DIY Lace Doily Dreamcatcher

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When it comes to making dreamcatchers, tradition would dictate that you use willow hoops, animal sinew or leather strips and perhaps a sacred feather from a bird of prey. Since most craft stores don't carry such things, you might consider a modern and purely decorative twist on the dreamcatcher like this lace doily version.

A modern twist on the traditional dreamcatcher
(Megan Andersen)

Don't mind going non-traditional with your dreamcatcher? No problem. Grab a large brass ring (for sale at nearly all craft stores specifically for dreamcatcher crafts). Select a neutral-colored yarn, a couple of colors of cotton thread or embroidery floss, a plastic yarn needle and a lace doily.

Gather your materials.
Megan Andersen

Wrap a neutral-colored yarn in a tight uniform layer all the way around the large brass ring. When you get to the end of the ring, tie a knot with the yarn and cut off the excess.

Wrap a store-bought brass ring with a neutral wool yarn.
Megan Andersen

Cut a piece of thread or floss to a length that is two times the circumference of the ring. Tie a knot at the top of the brass ring with the string and thread the other end through the yarn needle. Send the needle from front to back around the ring to wrap the string around it, and then pull it back towards the front, crossing the string over itself. Continue threading the string around the ring in this manner, spacing the loops about an inch apart. Tie a knot after the last loop and trim excess string. Cut another piece of thread/floss in a new color and tie it to one of the loops you created with the first string color. Thread the other end through the yarn needle and continue looping it around the first set of loops. Continue weaving until you reach your desired web size. Keep in mind the size of the doily when creating the web -- you'll need your doily to fit in the center of the web. Tie a knot when done and cut off excess string.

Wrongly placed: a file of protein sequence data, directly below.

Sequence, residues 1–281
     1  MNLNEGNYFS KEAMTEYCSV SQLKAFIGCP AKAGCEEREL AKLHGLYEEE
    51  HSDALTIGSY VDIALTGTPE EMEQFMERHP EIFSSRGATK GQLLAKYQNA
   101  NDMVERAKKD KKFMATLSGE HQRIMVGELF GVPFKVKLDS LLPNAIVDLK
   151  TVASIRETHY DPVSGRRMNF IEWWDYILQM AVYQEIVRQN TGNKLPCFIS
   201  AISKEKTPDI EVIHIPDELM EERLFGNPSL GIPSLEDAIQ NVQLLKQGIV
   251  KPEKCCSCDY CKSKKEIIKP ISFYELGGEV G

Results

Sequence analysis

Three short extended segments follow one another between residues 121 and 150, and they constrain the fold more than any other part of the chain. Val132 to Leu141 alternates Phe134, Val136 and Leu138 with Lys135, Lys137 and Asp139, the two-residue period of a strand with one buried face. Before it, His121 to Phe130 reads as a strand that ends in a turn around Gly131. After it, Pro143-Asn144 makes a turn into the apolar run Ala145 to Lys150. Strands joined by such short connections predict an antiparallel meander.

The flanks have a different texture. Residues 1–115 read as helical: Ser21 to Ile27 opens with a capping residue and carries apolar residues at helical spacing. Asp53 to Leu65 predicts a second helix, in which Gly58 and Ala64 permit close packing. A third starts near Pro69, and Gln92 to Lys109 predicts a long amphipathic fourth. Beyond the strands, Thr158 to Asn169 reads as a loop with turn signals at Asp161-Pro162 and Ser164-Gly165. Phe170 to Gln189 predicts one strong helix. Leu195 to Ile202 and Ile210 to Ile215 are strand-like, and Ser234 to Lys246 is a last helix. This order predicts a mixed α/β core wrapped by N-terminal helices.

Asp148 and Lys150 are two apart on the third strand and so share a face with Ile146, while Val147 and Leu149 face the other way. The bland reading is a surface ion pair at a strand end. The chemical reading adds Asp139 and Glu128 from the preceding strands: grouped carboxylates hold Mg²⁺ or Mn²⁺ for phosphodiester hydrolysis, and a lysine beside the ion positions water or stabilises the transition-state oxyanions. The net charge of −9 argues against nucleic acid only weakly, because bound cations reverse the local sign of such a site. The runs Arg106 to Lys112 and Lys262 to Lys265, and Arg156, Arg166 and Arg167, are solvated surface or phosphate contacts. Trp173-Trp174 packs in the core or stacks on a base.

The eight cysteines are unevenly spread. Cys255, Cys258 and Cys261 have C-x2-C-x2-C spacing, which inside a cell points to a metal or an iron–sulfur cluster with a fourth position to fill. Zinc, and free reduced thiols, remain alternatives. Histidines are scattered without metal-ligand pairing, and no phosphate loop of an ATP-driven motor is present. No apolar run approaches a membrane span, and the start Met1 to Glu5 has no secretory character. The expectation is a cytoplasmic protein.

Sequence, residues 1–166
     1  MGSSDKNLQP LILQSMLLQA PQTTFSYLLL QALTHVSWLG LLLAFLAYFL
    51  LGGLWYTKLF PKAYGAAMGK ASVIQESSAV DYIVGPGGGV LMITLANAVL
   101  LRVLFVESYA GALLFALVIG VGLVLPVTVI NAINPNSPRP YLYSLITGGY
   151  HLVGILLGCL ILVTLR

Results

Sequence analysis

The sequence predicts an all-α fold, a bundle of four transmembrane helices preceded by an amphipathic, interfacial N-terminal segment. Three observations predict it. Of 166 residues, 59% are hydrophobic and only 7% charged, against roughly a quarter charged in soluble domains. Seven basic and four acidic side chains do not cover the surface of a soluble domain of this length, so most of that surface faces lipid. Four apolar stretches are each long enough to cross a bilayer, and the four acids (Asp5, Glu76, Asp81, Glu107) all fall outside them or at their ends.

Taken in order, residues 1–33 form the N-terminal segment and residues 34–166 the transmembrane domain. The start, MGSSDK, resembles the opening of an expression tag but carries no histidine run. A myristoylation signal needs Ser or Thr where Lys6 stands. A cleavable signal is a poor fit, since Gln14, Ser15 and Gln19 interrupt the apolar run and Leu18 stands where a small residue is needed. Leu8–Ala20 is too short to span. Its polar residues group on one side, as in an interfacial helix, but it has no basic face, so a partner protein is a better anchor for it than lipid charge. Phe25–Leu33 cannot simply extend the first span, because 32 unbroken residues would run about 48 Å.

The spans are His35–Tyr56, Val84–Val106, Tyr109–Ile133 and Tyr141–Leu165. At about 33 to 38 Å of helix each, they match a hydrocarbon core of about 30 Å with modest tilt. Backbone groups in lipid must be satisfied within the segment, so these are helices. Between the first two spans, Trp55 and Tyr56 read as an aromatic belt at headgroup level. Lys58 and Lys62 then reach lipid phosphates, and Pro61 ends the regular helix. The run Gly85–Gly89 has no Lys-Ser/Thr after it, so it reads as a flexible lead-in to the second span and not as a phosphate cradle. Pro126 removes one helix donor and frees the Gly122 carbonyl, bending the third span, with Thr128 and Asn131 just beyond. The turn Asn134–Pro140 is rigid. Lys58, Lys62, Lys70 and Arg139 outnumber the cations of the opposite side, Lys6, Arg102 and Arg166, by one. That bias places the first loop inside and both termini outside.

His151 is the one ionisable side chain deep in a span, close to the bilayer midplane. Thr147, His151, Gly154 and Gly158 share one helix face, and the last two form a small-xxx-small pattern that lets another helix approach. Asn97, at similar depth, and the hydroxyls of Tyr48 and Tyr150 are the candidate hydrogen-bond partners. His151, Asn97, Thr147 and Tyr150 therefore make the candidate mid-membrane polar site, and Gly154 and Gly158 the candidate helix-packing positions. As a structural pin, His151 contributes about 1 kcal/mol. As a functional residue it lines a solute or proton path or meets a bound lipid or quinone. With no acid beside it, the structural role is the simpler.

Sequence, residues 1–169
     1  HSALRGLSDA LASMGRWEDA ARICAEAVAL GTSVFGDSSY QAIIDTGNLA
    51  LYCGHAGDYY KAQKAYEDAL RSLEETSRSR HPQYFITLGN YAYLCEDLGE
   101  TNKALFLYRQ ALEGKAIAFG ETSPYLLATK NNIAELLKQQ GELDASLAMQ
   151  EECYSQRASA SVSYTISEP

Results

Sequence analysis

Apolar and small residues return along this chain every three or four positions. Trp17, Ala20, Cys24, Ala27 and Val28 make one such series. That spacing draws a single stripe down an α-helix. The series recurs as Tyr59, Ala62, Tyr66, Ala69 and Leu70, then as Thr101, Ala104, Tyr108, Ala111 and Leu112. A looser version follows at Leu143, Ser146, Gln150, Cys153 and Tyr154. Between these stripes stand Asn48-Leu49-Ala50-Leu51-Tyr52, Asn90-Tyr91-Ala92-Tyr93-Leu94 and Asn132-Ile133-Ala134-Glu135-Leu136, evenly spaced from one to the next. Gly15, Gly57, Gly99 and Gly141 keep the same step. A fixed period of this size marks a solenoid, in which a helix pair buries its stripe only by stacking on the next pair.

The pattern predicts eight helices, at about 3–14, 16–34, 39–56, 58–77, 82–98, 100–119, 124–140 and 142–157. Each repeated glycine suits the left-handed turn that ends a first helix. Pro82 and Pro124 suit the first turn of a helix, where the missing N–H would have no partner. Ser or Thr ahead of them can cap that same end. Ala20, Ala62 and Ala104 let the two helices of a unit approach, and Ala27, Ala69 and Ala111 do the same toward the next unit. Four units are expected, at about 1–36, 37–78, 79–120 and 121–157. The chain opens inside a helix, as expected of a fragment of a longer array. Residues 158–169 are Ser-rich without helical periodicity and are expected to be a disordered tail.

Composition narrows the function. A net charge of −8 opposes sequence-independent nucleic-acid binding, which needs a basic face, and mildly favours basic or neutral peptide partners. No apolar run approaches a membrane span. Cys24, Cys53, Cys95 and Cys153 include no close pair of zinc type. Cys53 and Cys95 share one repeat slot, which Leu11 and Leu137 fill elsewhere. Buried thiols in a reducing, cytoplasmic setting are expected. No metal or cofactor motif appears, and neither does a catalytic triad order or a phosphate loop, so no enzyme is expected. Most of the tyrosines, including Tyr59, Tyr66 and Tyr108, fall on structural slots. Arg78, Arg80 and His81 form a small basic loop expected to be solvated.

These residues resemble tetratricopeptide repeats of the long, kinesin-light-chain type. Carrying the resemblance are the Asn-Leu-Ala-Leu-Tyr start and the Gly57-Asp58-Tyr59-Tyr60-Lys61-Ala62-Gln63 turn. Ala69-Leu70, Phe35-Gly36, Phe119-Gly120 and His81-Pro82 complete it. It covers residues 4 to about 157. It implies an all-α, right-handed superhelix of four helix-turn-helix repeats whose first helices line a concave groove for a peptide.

See this dreamcatcher tutorial for more detailed instructions on weaving a dreamcatcher web.

Weave the thread or floss front to back, then over itself.
Megan Andersen

Cut a piece of thread or floss to a length that is two times the circumference of the ring. Thread it through the yarn needle and use this to "stitch" the edges of the lace doily into your web. You can adjust the tension of the doily as you work, or after you've secured the doily into your web, making it as slack or taut as you'd like. When the doily is completely woven into the web, knot your thread and trim any excess.

Weave the doily into your web.
Megan Andersen

Tie yarn tails, feathers, beads or other decorative items to the base of your lace doily dreamcatcher. Generally, the tail length is twice as long as the diameter of the ring, but make it any length you'd like. Bear in mind that using a doily is in no way traditional, but it does result in a lovely dreamcatcher.

Hang your doily dreamcatcher on a curtain rod or headboard.
Megan Andersen

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